M. R. James - The Malice of Inanimate Objects Roger Johnson - The Scarecrow Peter Davidson - The Gathering of Dr Oates
Ron Weighell - Dark Devotions: M. R. James and the Magical Tradition Hugh Lamb - Frederick Cowles: 1900-1948
Reviews Rosemary Pardoe - Michael Cox, M. R. James: An Informal Portrait, (Oxford, 1983) David Rowlands - J. S. Leatherbarrow, A Natural Body And A Spiritual Body: Some Worcestershire Encounters With The Supernatural, (privately printed by author, 1983) Rosemary Pardoe - Leslie Halliwell, The Ghost Of Sherlock Holmes: Seventeen Supernatural Stories, (Granada, 1984) Richard Dalby - Susan Hill, The Woman In Black, (Hamish Hamilton, 1983) Rosemary Pardoe - Susan Hill (ed.), Ghost Stories, (Hamish Hamilton, 1983) Rosemary Pardoe -Robertson Davies, High Spirits, (Penguin, 1983) Rosemary Pardoe -John Gordon, Catch Your Death & Other Ghost Stories, (Patrick Hardy, 1984).
Alan Hunter, Allen Koszowski, Jim Pitts, A. F. Kidd, John Borkowski, Wendy Adrian Wees
Such as I'm capable, have already commented upon Malice Of Inanimate Objects and, at some length, The Scarecrow, elsewhere (e.g., The Best Of Ghosts & Scholars, A Ghostly Crew), no point putting anybody through all that again. Suffice to say, #6 already comes highly recommended for those two alone. But what of the remaining content? Ghosts & Scholars didn't do support acts, and the third story, a supernatural horror offering with a spectacularly vicious ending, is no also ran.
Peter Davidson - The Gathering of Dr Oates : This time we're ill-disposed toward the protagonist from the first. The senior tutor at Cambridge regards young Dr. Oates as a snidey little toad, sliming up to geriatric clergy while secretly wishing them dead so he can fill their shoes, and we reckon he's a good judge. But perhaps we shouldn't be too harsh because our man is a terrible spot of bother.
It began when Oates met and befriended (or so here thought) a wealthy young foreign chap, a fellow antiquarian, while exploring the ruins of Petra. The stranger translated for him a stone inscription - an invocation of Baal - then, preying on Oates' greatest fear, set loose a snake, and forced him to renounce his God and repeat the incantation aloud. Oates, terrified, complied. The stranger then had the gall to treat the matter in the most cavalier manner, like it was all just some skit for You've Been Framed. No hard feelings, mate,it was only a joke! Oh, you should have seen your face, etc. Oates' measured response is to batter the stinker to death there and then. He leaves Beirut that same night.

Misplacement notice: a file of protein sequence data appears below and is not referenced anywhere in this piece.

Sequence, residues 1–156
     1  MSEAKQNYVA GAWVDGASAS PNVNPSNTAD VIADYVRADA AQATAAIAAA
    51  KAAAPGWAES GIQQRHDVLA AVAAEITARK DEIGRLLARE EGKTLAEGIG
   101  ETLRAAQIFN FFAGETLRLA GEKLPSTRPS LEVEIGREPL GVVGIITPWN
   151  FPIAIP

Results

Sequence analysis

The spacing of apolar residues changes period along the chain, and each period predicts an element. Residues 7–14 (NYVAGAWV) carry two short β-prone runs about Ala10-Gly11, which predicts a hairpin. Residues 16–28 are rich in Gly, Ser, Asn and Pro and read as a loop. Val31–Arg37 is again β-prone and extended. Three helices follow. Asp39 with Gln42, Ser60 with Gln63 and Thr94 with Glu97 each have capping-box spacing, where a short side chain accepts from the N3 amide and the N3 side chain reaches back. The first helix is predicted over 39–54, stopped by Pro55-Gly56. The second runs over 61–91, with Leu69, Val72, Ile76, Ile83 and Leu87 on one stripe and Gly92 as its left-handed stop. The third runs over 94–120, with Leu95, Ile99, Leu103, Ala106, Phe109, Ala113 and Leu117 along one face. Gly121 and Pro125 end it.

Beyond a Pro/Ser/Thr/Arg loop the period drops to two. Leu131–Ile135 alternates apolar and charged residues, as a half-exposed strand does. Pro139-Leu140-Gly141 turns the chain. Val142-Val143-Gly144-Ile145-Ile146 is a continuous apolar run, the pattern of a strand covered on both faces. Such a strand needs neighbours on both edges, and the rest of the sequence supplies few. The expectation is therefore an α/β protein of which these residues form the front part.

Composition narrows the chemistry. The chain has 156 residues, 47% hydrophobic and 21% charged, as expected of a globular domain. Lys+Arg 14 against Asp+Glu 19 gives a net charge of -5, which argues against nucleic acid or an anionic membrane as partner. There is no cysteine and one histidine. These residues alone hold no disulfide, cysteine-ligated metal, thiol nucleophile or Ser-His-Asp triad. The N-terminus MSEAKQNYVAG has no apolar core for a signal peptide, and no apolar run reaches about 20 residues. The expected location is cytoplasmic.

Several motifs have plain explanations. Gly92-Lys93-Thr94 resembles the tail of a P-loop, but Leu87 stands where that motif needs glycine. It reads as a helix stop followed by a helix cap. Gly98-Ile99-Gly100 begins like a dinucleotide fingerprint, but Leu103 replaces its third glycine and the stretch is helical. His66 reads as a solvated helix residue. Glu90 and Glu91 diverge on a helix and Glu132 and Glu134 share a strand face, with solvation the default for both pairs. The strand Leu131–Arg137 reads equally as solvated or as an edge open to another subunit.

On his return to Cambridge, Mr. Oates publishes a well-received archaeological treatise, Petra Investigated, huge swathes of which are plagiarised from the dead man's papers. Such is the books success, he is awarded a Deanship at the ripe old age of 27. This being Ghosts & Scholars, we know he is not to prosper from his crimes, and sure enough, it is not long before Oates is aware that a stalker tracks his every move.
All this, and we've still the non-fiction content to come.
From the first, I set myself against "literature"; the story was the thing, and no amount of style could persuade me to select a story that lacked genuine, unadulterated horror. For those who wanted something high-brow there was plenty.